First page critiques

At Kill Zone Blog, PJ Parrish comments on the first pages of the Edgar Award nominees:

…But then I got to wondering, what are they like inside? How do these writers handle the openings of their stories? Just for fun, I thought we could take a peek here today.

The stories include a legal thriller with a tortured heroine who’s fighting the government and her own demons; an Irish thriller about a girl who falls for a convicted serial killer only to find out ten years later he’s not what he seemed; a fixer whose client is a big-time politician with secrets someone will murder to protect;  a cop-cum-PI who’s trying to find the man who framed him and cost him his badge; a resurrection of the iconic Philip Marlowe, now 72 and retired in LA; and a Victorian adventuress trying to unravel of web of intrigue at an Egyptian dig.

Personally, I don’t find most of these thumbnail descriptions all that enthralling, but that last one sounds pretty neat. Victorian adventuress trying to unravel a web of intrigue at an Egyptian dig? This is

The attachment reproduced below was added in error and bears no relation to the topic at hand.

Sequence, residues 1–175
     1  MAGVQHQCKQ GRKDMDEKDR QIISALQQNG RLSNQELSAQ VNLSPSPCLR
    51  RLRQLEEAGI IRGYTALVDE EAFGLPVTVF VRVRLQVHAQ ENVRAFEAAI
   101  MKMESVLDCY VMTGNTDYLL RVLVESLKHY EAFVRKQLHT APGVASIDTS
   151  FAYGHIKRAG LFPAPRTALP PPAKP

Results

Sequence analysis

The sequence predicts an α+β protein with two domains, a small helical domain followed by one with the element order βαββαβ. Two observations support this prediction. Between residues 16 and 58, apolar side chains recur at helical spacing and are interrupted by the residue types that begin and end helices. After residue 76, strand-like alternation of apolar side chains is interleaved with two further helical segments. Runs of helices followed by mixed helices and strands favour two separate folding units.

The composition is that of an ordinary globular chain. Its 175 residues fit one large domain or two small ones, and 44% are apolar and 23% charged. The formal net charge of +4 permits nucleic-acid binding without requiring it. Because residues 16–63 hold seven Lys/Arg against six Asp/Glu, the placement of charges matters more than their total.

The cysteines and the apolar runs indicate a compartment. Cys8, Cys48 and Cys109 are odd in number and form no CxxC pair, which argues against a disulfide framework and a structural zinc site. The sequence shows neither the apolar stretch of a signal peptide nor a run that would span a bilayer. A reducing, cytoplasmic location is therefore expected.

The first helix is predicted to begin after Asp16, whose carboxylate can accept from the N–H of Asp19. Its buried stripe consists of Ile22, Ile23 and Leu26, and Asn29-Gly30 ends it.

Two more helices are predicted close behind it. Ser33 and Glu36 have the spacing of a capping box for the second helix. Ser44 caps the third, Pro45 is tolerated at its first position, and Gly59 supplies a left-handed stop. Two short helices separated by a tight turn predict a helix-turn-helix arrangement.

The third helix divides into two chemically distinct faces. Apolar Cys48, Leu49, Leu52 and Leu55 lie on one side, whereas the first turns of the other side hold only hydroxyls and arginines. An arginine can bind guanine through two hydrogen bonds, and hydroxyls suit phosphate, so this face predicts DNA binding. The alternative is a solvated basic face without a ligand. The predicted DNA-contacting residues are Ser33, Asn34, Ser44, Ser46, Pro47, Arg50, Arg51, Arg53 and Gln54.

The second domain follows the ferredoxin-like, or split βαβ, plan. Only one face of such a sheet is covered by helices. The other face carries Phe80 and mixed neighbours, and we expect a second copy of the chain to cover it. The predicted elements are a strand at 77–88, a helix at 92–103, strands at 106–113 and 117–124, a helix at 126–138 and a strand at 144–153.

A Treacherous Curse by Deanna Raybourn. Let’s take a look:

Hah, well, this particular book may be a little … what is the term I’m looking for? Mannered, perhaps. Overdone, for humorous effect, but I don’t necessarily find that kind of thing works well for me. I do think it’s clever, well done for the style, and would certainly work for many readers.

One thing to notice, I think, is that every novel opens with setting. There is a sense of place from the beginning. I don’t think that’s coincidence. Many workshop entries that I’ve seen essentially open in a white room. I don’t like all these openings myself, but I can see why they would appeal to judges — and to readers.

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2 thoughts on “First page critiques”

  1. That clip made me think: Lysistrata. “And frequently their proportions are exaggerated” … for comedic effect. Yes it is overdone. But it still is funny.

  2. most of them didn’t interest me, one put me off, and this one reminded me of the Amelia Peabody series by Peters. The tone is similar. To be fair, a Victorian woman doing Egyptian excavation activities would have certain qualities and may difficult to sound different. Although Evelyn, the secondary woman in Peters’ managed to.

    Oh, it’s by Raybourn. I’ve read some others by her, she’s not bad.

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